Money Matters: Making the Most of Your CSI Budget
With today’s challenging economy, we all need to figure out the most cost effective ways to do our jobs. The good news is that we actually have plenty of excellent, affordable options available. In some cases, these options may require extra time and effort on your part. But by doing your research and planning accordingly, you’ll stretch your department’s dollars without sacrificing quality. In this issue, I’ll provide an overview of some key areas where you can save money.
Having the right light sources can make all the difference when you’re investigating crime scenes. You can easily spend thousands of dollars on just one light. But you don’t have to. These days, portable light sources are much improved. In some cases, they’re even brighter than what you would find in the lab. With prices ranging from around $35 for the Micro Blue light, up to a high of about $1,500 for an ultra light, you can afford the right combination of lights for your department.
Crime Scene Kits
Every CSI needs a good crime scene kit. And there are plenty of companies out there selling pre-packaged kits. But why pay extra for a kit dictated by these companies? Take the time to build your own kit. Yes, it will involve more effort on your part, but you’ll save a lot of money and end up with only the things you really need. Let’s look at some specifics:
As you build your kit, think about what things you should do and what things you can leave for the lab. For example, you should always determine whether a stain is blood or simply spilled paint or ketchup. But why not let the lab determine if the blood is human or animal? By leaving that question for the lab, you can simplify what you need in your kit. Instead of spending more for premixed chemicals that have a short shelf life, you can go with less expensive ampules that will stay fresh until you need them. These ampules will quickly show you if you have blood that you need to collect.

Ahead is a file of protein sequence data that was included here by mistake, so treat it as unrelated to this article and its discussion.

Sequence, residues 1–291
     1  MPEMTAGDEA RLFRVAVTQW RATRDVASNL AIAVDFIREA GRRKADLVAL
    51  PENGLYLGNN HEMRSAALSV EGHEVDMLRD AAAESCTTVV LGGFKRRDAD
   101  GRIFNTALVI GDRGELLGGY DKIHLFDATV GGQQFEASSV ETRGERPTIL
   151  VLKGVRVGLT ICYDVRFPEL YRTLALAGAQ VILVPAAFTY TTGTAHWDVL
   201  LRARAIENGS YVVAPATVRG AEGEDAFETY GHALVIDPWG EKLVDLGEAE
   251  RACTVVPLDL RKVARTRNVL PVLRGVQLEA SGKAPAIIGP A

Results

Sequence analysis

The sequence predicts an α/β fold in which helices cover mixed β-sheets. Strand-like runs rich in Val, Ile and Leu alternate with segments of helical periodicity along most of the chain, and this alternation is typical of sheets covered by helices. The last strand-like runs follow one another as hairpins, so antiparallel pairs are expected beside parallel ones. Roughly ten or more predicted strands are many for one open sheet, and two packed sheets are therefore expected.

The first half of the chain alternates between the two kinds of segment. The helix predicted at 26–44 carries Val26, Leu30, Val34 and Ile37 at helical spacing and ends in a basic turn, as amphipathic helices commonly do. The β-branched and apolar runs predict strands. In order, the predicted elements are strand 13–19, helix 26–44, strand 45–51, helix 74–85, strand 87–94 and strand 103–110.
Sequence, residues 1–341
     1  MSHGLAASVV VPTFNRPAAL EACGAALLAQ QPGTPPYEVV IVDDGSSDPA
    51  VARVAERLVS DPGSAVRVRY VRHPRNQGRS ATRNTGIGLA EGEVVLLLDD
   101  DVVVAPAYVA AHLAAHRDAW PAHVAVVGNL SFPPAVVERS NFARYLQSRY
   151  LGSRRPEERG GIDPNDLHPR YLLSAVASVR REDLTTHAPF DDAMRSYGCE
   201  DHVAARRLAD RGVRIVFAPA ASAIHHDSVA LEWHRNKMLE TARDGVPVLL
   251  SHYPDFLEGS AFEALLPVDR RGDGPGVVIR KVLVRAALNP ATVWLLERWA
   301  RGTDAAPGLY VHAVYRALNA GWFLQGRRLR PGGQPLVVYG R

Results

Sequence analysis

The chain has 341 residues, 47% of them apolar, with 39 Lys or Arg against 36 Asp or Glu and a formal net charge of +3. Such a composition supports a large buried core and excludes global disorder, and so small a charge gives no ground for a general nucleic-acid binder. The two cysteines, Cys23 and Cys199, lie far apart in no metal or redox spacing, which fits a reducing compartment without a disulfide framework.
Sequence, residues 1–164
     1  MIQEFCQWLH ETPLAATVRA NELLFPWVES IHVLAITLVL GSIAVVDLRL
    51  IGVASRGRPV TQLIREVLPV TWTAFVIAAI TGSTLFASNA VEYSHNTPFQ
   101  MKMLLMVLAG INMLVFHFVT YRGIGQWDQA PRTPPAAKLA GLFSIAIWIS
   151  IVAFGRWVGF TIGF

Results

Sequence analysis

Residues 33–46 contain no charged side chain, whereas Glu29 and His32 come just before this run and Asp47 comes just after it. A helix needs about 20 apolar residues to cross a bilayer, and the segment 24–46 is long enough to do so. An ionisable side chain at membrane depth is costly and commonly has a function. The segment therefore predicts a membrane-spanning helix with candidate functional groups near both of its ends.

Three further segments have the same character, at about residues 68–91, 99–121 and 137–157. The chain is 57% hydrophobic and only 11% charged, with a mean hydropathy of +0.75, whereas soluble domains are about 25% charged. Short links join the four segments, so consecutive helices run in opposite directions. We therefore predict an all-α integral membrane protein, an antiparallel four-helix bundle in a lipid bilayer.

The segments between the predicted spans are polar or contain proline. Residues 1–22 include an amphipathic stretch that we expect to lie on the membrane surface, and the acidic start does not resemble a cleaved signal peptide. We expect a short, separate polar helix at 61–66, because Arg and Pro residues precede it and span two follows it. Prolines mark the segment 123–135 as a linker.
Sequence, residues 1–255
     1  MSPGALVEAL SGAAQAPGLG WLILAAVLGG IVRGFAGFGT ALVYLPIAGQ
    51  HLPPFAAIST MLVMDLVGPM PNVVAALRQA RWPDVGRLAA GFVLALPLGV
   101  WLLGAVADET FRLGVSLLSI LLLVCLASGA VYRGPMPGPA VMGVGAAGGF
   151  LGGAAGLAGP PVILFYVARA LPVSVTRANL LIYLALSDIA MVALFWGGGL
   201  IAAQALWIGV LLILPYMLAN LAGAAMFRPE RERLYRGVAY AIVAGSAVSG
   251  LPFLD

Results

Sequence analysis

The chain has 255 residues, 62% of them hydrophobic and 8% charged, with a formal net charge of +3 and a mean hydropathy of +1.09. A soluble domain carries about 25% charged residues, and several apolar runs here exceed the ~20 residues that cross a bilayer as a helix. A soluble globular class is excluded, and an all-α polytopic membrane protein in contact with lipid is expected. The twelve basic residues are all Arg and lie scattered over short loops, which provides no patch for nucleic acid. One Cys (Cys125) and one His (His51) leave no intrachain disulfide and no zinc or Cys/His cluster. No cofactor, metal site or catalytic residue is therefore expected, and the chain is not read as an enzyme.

Fingerprinting Powders and Brushes
Some of the most essential tools in your kit are your fingerprinting powders and brushes. These days, there are a multitude of colors out there. But just because they exist doesn’t mean you have to have every one of them. All you need is one color that will work on dark surfaces and one color that will work on light, and a fluorescent. Once you decide on the kinds of powders you need, instead of buying individual jars, buy one large container and fill containers for each officer as needed.
When it comes to brushes, you could easily spend a fortune. Think about your needs and what you’ll be doing. You’ll need one brush for fluorescent powders and one for standard powders. If you use magnetic powders, you’ll need a brush for them. Disposable brushes are usually your best option. A standard fingerprint brush costs about $9, while a disposable brush packaged for single use is about $4-$5. But as I mentioned in previous articles, when you’re dealing with a major crime and working with smudges that might contain DNA, you have to replace your brushes. Better to have the less expensive disposable brushes when you may be replacing them frequently.
While there are some new materials on the market, the only material you really need for casting is dental stone. Again, plan ahead to save yourself some money. Buy a 25 pound bag and then divide it up into separate plastic bags. When you need it, you’ll just have to add water.
Here is another area where you can find ways to save. Use clean, standard plastic bags and craft paper bags. If you use a lot of bags, purchase them in lots of 500, which will save you money. Using plain paper bags will save you money; labels to put on the bag are cheap. Just remember that you should never use grocery store bags that have already been used. If you do, you risk contaminating your evidence with whatever was left in the bag. Nothing you save by re-using a bag will be worth having your case fall apart because of sloppy work.
Evidence markers are essential for your work, but that doesn’t mean you have to spend a fortune on them. As I’ve mentioned before, evidence markers often become contaminated at scenes. If you’re not going to be able to clean them properly, you need disposable markers. You can save money by making your own. You can find free evidence marker templates on my Web site (http://csigizmos.com/products/evidencemarkers.html).
These are just some of the places where you can save money. Each one may seem like a little thing, but taken together, they can add up to a significant savings.
Dick Warrington is in research and development and a crime scene consultant and training instructor for the Lynn Peavey Company. email@example.com